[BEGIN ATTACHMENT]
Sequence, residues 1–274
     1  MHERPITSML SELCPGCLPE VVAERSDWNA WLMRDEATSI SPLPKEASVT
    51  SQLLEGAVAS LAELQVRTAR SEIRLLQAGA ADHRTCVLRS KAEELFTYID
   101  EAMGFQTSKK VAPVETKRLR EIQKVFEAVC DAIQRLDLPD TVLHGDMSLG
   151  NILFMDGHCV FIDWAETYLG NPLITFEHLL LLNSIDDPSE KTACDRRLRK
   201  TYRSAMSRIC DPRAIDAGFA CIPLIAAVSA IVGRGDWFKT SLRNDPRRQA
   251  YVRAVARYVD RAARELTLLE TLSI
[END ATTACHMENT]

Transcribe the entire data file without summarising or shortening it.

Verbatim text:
Sequence, residues 1–274
     1  MHERPITSML SELCPGCLPE VVAERSDWNA WLMRDEATSI SPLPKEASVT
    51  SQLLEGAVAS LAELQVRTAR SEIRLLQAGA ADHRTCVLRS KAEELFTYID
   101  EAMGFQTSKK VAPVETKRLR EIQKVFEAVC DAIQRLDLPD TVLHGDMSLG
   151  NILFMDGHCV FIDWAETYLG NPLITFEHLL LLNSIDDPSE KTACDRRLRK
   201  TYRSAMSRIC DPRAIDAGFA CIPLIAAVSA IVGRGDWFKT SLRNDPRRQA
   251  YVRAVARYVD RAARELTLLE TLSI